I’ve just walked out of a wonderful meeting that has kind of left me on a “science high”. The Raj Lab (my new scientific home in Philadelphia), Thomas Gregor’s lab from Princeton and Dan Larson’s lab from the NIH had a get-together, talking science, methods, data. It was really great, with loads of lively discussion. But I don’t want to discuss any of the actual science here. Instead, I’d like to share some ideas about scientific terminology, how a given word might have different “baggage” attached to it depending on your background/training, and whether fuzzy definitions may actually be useful in biology.
I started thinking about this, because we were looking at a lot of microscopy pictures, like the one above. These pictures generally showed fixed cells where transcribing mRNA was labelled, and could be seen as little dots. A generally accepted view of transcription is that it happens in “bursts”, and certain parameters of these dots (e.g. their number or intensity) can be considered a proxy for different parameters of the transcription process. Therefore, when people were describing these pictures, they often didn’t refer to the spots, but the transcriptional parameter. For example, they’d say “we see bigger burst size”, instead of saying “we see a brighter spot”. So, at one point someone commented that this was not good scientific practice, because by doing so, we were not giving listeners the “raw data”, but instead we were giving them pre-interpreted results, evoking ideas they might have attached to that term and thus biasing them.
The following discussion revealed that talking about bursting did indeed evoke different interpretations in people with different backgrounds. People with a more physics-y background considered bursting to represent a very specific model of transcription, whereas people who had more of a biology background were considering bursts as a way to describe the cell-to-cell heterogeneity in a cell population.
And I’ve noticed that people with different backgrounds frequently attach different meanings to the same scientific terminology elsewhere, too. Here some recent encounters I’ve had:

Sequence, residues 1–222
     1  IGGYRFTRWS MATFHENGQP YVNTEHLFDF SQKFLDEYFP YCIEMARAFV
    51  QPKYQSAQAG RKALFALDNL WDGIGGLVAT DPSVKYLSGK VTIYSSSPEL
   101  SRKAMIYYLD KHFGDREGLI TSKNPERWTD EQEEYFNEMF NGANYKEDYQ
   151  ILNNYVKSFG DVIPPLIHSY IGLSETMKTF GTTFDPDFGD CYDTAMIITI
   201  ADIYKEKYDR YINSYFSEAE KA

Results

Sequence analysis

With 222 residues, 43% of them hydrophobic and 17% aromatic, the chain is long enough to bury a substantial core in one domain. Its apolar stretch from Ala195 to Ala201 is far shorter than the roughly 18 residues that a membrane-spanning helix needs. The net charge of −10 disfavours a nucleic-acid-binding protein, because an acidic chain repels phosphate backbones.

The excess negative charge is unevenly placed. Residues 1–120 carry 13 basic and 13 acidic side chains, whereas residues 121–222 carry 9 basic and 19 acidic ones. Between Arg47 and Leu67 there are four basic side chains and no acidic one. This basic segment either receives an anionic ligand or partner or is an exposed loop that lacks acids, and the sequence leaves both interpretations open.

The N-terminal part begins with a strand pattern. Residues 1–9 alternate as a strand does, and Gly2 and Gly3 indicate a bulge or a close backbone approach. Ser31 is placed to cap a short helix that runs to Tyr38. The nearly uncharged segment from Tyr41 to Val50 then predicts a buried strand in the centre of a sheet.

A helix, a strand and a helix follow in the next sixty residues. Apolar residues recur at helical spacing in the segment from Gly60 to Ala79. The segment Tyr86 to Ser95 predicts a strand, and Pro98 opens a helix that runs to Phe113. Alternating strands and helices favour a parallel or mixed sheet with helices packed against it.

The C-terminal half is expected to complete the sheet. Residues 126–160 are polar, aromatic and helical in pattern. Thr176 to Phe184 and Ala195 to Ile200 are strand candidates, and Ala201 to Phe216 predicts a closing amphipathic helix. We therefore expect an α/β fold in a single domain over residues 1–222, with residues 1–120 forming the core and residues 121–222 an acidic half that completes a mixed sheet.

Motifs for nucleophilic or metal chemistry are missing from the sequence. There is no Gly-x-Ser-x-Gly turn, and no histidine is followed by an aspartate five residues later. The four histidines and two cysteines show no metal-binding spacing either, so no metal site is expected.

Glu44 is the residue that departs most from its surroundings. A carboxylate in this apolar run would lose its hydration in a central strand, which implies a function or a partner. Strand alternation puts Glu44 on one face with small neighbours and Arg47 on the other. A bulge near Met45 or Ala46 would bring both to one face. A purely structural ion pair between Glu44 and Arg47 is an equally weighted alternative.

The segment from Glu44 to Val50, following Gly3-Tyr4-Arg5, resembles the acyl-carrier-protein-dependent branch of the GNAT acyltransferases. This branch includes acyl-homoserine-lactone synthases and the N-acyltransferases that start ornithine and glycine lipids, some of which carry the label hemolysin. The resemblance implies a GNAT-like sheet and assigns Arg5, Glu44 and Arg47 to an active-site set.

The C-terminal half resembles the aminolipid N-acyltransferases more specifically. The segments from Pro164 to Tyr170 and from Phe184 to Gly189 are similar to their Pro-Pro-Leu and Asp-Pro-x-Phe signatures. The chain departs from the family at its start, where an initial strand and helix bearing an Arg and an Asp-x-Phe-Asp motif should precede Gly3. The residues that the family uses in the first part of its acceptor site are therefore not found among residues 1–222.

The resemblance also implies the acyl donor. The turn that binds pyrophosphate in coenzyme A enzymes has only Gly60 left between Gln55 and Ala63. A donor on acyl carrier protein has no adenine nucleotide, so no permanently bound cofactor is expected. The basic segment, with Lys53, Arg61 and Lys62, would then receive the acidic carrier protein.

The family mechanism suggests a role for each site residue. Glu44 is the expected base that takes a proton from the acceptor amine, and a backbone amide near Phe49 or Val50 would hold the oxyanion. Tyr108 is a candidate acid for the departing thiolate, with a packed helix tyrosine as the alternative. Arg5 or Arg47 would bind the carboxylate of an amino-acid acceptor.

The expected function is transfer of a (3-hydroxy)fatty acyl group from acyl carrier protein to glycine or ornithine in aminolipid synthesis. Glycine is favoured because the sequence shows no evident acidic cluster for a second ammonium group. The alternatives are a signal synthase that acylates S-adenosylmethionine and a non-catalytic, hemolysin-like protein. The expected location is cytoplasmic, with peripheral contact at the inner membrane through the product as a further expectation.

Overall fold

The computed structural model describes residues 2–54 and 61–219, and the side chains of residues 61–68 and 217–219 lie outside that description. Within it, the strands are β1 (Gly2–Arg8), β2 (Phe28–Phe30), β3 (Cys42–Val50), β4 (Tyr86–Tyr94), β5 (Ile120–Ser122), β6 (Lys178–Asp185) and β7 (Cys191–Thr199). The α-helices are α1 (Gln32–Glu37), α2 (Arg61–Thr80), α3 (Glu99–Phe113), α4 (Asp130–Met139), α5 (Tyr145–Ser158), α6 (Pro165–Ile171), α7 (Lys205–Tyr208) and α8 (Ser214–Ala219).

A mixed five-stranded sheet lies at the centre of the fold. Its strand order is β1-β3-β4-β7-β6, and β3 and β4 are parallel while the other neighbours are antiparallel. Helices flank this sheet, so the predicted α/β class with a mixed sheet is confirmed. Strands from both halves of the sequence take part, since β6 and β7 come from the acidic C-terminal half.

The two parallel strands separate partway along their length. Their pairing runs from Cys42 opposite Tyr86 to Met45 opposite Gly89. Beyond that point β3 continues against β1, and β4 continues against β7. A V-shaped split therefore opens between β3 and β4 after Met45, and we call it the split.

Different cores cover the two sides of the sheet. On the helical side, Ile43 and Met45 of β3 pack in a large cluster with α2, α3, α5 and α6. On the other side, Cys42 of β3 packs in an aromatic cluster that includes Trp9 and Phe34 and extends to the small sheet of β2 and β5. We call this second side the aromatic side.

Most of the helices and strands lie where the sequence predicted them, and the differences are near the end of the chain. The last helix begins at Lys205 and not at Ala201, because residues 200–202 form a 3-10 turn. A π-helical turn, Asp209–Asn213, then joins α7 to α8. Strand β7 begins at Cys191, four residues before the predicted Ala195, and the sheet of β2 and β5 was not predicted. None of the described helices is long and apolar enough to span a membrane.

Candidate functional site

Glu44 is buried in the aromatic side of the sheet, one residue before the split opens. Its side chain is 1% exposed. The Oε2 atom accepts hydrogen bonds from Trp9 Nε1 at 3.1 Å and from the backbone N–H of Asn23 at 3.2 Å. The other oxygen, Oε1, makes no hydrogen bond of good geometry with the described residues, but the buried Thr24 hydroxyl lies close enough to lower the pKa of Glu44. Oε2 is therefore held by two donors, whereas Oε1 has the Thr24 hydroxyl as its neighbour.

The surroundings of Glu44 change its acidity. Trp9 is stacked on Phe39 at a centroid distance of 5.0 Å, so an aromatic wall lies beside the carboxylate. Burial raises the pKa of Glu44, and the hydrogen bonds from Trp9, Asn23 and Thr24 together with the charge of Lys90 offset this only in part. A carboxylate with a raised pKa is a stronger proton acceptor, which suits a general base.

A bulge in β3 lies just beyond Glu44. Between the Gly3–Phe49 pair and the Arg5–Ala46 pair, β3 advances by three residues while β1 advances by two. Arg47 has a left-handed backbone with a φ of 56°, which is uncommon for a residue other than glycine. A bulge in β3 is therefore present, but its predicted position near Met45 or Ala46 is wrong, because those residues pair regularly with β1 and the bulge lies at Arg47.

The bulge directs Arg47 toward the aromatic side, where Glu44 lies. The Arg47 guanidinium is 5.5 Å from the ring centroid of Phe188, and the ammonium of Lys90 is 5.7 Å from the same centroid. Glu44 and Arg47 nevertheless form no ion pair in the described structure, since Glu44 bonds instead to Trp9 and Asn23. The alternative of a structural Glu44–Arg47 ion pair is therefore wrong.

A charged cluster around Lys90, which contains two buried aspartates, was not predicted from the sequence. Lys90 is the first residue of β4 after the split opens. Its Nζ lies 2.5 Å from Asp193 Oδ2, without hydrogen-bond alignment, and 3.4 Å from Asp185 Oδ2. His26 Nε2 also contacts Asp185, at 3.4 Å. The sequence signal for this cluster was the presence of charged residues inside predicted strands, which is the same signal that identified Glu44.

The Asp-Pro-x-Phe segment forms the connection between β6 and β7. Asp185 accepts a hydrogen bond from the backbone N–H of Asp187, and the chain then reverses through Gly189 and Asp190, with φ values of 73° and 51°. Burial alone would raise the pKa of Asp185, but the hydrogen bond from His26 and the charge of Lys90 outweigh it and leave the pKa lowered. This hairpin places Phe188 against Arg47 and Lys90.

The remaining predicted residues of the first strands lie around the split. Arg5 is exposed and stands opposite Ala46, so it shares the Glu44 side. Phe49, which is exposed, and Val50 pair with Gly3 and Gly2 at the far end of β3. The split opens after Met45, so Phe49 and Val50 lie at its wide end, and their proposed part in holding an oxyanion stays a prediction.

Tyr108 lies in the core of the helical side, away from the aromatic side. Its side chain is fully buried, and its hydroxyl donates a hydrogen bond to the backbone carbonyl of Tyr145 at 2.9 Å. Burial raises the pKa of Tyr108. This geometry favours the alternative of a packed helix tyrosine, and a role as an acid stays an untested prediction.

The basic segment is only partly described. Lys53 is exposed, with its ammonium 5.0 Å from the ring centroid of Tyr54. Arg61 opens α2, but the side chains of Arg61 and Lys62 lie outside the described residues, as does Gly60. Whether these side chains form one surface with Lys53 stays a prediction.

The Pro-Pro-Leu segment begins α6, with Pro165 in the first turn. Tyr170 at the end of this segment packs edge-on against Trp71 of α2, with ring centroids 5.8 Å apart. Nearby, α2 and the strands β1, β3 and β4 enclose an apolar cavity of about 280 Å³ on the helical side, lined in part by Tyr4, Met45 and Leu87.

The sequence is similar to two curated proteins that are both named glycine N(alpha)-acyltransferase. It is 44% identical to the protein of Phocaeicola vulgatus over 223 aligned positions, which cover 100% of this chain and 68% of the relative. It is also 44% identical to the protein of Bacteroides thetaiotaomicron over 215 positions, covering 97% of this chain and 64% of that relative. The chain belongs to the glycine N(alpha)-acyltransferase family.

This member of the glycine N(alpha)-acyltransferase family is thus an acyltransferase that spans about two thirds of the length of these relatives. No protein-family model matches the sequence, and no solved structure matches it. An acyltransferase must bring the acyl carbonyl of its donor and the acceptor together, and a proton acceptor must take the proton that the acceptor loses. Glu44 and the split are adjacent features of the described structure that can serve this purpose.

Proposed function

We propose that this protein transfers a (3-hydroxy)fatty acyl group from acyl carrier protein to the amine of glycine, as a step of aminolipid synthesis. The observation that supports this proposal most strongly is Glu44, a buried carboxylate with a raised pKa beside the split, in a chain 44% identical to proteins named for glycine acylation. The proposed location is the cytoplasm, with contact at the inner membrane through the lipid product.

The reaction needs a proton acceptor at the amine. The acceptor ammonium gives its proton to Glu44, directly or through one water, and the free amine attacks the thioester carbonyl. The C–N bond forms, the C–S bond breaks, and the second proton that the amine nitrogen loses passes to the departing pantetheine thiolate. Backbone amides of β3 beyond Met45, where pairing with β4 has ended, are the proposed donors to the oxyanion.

– stochasticity, randomness & (un)predictability: some scientists will point out that there are precise mathematical definitions attached to stochasticity and randomness, and these are not at all identical with the predictability of something. Moreover, we often apply any and all of these terms very loosely when describing biological systems, without testing if the mathematical criteria are met.
– mechanistic insight versus random events: at a recent meeting about the mechanisms regulating transcription, there was a lot of talk about the role of stochastic events. Some people in the audience were not scientists, and seemed rather confused by this discussion: for them, a “mechanistic understanding” meant a deterministic model, where it was inconceivable to have any kind of stochastic parameter.
– the robustness of a biological process: a developmental biologist might use this term to contrast developmental outcome (eg developing a foot) with variability at the transcriptional level. If the former was invariant, and the latter highly variable, one might say developing a foot is robust to changes in transcription. A molecular biologist working solely on transcriptional data, however, might talk about a “robust two-fold gene expression change”. Here, they usually mean that the two-fold change can be reliably measured.
So, is all this loose terminology bad science? You might say that ideally, whenever we discuss a scientific question we should precisely define the terms we are using. And maybe you are right. But I’d share a thought and an example that I heard from a professor at a meeting called “Chance at the Heart of the Cell”: Biology is a complicated process, and often when we start a project we don’t really know what we will find. So, maybe having fuzzy definitions is important in biology, so we can think out of the box a little? The professor gave the example of the gene: although almost every biologist will claim they know what a gene is, it is very difficult to exactly define it. Yet, precisely the absence of such a definition may have helped us to unravel the path from DNA to RNA to protein, or to learn about alternative splicing, pseudogenes and genomic duplications, or to discover compensatory mutations.
I’m not sure if he’s right, but I have learned that it is often helpful not be too precise with biological systems. Sometimes you can do the perfect experiment that should work on paper, and yet it doesn’t work in real life, and the only explanation you have is that “biology is complicated”. So maybe there is some higher level organization in biological systems, which is more than the sum of the parts, and requires some – not so precise – perspective?
I can very precisely tell you that… I don’t know.